Alaska Native teen struggling with mental health issues is closer to coming home

Her parents have battled for daughter’s mental health treatment for years
Alaska Native teen struggling with mental health issues is closer to coming home
Published: Jul. 28, 2023 at 7:08 PM AKDT
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ANCHORAGE, Alaska (KTUU) - An Alaska Native teen is one step closer to coming home after struggling with mental health issues for years. It’s a problem that many young people face today, but now her parents may have finally found the treatment she needs.

Twilla Farrally and her family first shared their story publicly back in May. They explained how Twilla, 18, spent years battling mental illness.

Now, she has been accepted into a unique program that her family says looks very promising.

“It’s just a small house out where they are teaching the girls how to be part of the family,” Twilla’s mother Sonia Farrally, said.

According to the Centers for Disease Control, Alaska Natives and Native Americans are at highest risk for youth suicide, depression, and mental illness. The statistics hit close to home for Farrally — she has struggled for years to find the right treatment for her teen daughter.

During those years, Farrally sent her daughter to numerous doctors and therapists for help, but nothing seemed to work.

“She is Alaska Native and then we still can’t get into any of those programs that are Alaska Native-based,” Farrally said.

Farrally said officials running the programs told her they’re not properly staffed to handle the number of mental health issues that many Alaskans are currently facing.

“The wait list — because they just don’t have enough people,” Farrally said.

Twilla said in May 2023, when she was at the McLaughlin Youth Center, she too was disappointed by how difficult it was to find the help she needed.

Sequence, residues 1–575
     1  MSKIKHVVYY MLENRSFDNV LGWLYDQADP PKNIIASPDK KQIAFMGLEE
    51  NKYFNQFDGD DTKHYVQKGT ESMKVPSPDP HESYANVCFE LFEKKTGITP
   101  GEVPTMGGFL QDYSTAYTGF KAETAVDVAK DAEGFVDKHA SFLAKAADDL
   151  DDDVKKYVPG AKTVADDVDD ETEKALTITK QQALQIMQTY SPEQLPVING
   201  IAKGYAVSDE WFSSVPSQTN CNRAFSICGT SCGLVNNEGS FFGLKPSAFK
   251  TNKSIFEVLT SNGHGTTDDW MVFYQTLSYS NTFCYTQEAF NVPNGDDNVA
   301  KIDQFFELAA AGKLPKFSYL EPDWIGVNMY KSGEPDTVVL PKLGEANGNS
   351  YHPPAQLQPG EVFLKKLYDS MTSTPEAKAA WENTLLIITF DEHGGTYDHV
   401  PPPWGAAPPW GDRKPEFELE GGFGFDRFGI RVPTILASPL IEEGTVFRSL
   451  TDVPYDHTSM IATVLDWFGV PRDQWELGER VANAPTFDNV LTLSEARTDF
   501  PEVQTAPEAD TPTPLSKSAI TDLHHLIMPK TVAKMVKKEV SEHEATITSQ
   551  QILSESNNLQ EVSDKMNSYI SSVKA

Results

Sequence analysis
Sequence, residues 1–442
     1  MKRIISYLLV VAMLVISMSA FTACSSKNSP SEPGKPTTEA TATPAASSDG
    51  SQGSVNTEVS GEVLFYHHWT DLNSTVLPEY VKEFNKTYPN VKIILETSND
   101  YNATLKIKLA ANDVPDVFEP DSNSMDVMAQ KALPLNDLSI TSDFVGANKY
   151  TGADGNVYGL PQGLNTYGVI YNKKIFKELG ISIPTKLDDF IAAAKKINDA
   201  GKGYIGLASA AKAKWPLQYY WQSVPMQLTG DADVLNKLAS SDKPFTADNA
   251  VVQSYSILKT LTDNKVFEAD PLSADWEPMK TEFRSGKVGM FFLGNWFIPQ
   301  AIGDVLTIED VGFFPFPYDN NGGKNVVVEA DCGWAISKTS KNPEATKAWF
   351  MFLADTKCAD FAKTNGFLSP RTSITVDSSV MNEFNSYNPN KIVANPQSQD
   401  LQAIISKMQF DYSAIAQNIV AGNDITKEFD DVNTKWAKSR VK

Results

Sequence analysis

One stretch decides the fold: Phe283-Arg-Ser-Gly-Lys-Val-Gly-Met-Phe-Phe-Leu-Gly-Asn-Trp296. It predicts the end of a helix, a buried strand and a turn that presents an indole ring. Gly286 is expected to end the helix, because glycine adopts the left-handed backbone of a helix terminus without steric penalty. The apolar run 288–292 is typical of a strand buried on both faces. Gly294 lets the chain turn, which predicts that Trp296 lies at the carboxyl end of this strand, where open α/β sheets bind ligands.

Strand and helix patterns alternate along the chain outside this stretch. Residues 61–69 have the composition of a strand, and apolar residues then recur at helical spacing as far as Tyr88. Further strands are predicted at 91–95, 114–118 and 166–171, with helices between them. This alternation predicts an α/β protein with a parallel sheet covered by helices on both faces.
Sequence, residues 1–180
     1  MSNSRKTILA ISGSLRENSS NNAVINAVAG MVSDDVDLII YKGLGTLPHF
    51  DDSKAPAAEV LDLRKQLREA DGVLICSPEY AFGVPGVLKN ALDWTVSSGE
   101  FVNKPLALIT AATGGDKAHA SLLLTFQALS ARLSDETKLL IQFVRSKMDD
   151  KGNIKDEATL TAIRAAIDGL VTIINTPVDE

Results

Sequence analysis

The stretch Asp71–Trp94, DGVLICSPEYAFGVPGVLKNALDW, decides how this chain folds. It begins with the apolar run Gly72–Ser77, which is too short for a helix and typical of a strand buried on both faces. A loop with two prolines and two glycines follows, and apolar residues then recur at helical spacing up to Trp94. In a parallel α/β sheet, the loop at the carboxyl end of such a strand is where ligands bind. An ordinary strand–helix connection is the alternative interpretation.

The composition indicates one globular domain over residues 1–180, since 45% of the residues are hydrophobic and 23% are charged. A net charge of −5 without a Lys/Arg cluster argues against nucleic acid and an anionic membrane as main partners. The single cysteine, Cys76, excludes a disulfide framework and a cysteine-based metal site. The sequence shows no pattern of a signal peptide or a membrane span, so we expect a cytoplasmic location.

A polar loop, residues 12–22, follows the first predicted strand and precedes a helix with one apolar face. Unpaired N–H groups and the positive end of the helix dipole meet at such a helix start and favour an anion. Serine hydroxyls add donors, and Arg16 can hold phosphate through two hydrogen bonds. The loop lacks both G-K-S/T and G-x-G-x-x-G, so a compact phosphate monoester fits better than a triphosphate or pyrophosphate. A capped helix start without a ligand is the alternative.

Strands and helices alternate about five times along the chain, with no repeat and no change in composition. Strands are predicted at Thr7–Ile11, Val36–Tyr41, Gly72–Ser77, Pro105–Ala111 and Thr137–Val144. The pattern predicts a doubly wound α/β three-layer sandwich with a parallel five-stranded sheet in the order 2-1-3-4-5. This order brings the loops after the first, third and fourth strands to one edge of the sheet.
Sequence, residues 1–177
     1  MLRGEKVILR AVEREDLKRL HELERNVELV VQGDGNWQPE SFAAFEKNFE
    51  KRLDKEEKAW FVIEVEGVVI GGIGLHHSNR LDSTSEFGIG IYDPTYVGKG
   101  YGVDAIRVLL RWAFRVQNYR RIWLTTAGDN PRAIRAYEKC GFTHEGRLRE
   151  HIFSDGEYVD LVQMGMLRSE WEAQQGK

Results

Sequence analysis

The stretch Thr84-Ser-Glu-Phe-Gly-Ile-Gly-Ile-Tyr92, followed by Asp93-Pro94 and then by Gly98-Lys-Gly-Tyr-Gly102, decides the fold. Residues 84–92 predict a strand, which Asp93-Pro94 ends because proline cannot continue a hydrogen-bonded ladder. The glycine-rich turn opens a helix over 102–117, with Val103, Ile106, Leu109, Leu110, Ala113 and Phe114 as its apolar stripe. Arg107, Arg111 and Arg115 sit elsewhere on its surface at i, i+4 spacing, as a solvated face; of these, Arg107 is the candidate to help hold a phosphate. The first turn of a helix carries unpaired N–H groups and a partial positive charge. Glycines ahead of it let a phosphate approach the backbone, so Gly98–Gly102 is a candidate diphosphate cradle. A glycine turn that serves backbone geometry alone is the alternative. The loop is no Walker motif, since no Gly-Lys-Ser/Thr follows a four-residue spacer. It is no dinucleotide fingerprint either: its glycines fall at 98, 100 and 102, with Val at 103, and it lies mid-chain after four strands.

“I just hoped that there would be like, a lot more facilities that would open,” Twilla said. “Or that they would start coming here, something like that.”

Twilla, who was born to alcoholic parents and diagnosed with fetal alcohol syndrome, was adopted as a baby.

“Fetal alcohol is a big thing because even though she’s of age — she’s 18 — mentally, she’s behind a couple years, usually about 15, 16 maybe,” her mother said.

By 2020, when Twilla was in her teens, and had been kicked out of high school. She was sent to a mental health facility in Texas for 11 months.

When she returned home, a violent episode landed her in a juvenile detention facility.

Now Twilla has been accepted into the Presbyterian Hospitality House in Wasilla, a small program for girls who need individualized treatment programs.

“They have ‘living parents’ or ‘teaching parents’ that live there 24/7,” Sonia said.

The program is centered around a merit system where teens are rewarded for proper behavior.

“They’re called teaching parents because they teach the girls like chores, cooking, how to clean up after themselves daily, hygiene habits that they have to do,” Sonia said. “They get points for taking showers every day, and how to do laundry. Just kind of like — just be a typical teen adult who can start doing these things on their own.”

The Farrallys think this may finally help Twilla to cope with the challenges she’s been dealing with throughout her life.

“I think they definitely know what they’re doing in helping get — to help develop those skills that the girls need, or that Twilla definitely would need,” Sonia said.

Twilla could be at the Presbyterian Hospitality House for up to a year. She’s still on probation and will continue to be until she’s released and allowed to go back home. Her parents say it’s up to her as to when that time will come.